How to keep a wildlife and snake journal

by Tammy McCormack. 0 Comments

This is the time of year when temperatures grow cooler and the leaves from the trees begin to change color and gently fall to the ground. It is the time of year of magnificent colors and crisp smells.

Believe it or not snakes and wildlife are still very active during this time of year, seeking extra food and hibernation areas for the long, cold winter ahead.

Many of us love fall and often take long walks, hike, or sit on the front porch enjoying the views and smells of the season. We are also so curious about our native wildlife. Some would even like to keep a journal of all the things they experience.

Often I receive emails asking how someone can go about keeping a detailed snake and/or wildlife journal. No matter if it is one individual or a whole family, it is great to do this and you can really learn a lot from it.

You can use a regular notebook, a special journal you have bought that you love to write in or whatever your creative mind can come up with. You can title it whatever you wish. Perhaps it is just one living creature you wish to study or many animals, but regardless, plan a day or even mulitple days and put your creative side to work.

For example:

Title your journal

Write down the date and time when a species was observed

Be as precise as you can as to where the species was seen. You may want to return to the location again one day.

Remember careful notes may one day help with future efforts to preserve and protect species in the wild.

Make note of the animal's habitat, the particular type of environment in which a species lives, such as a rocky hillside, forest, flowing stream or field.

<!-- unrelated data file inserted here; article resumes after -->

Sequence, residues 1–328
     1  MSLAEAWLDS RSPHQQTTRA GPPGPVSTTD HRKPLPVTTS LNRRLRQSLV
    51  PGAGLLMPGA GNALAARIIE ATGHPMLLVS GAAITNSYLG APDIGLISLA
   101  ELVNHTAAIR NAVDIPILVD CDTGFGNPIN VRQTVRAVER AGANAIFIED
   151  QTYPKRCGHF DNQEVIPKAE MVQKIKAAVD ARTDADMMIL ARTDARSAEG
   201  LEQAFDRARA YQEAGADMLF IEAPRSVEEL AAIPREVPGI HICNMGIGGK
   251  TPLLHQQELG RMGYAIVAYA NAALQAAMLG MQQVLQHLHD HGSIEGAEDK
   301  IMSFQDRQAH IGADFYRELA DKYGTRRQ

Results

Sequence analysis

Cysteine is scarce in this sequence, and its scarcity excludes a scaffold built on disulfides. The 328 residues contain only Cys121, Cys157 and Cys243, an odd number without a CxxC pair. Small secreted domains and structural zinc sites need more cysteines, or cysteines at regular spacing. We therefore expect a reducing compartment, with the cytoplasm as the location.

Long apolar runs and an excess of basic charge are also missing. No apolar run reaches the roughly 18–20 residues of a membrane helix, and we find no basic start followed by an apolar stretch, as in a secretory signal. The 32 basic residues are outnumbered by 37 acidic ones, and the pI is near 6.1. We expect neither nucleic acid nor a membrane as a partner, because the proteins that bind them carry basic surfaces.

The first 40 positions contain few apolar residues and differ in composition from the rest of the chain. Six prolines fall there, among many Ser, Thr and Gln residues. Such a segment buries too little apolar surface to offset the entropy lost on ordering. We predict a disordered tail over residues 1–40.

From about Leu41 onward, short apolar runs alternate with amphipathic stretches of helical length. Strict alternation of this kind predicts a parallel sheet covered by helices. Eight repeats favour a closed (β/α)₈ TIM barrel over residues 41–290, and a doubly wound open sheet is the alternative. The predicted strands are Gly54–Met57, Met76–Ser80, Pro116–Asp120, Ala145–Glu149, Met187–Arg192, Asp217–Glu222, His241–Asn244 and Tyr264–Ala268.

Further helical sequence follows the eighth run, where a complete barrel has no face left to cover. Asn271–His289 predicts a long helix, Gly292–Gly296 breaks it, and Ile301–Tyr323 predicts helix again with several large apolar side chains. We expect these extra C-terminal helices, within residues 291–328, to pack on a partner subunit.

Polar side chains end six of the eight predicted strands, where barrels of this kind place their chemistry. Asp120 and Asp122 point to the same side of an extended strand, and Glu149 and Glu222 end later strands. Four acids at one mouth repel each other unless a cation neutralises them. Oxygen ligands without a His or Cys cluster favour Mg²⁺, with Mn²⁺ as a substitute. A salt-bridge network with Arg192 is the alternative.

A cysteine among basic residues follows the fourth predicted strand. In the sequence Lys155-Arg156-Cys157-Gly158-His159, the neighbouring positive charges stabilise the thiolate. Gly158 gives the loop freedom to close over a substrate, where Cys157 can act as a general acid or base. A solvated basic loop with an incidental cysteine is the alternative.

Include temperature, humidity, precipitation, amount of cloud cover, sunlight, moonlight, and wind activity. Children especially seem to enjoy this.

With your weather notes on a certain snake or wildlife species this will also show how the species reacts to cooler or warmer areas compared to other species.

Describe the type of animal seen, including special markings or unusual coloration.

Try to do a little research on the animal to determine if the species is endangered, threatened, protected, or if it's a species of concern, on a watchlist, or if it's rare, rare and declining, or rare and local.

Take pictures if possible or maybe even try to draw what you see.

Please remember to always observe our native snakes and wildlife from a distance for yours and the animal's safety. Get out and enjoy what Maryland nature has to offer. There is so much to see and do right in your own backyard.


Tammy is a Maryland Licensed Dept. of Natural Resources Snake Trapper. She writes an online column for You may contact her at

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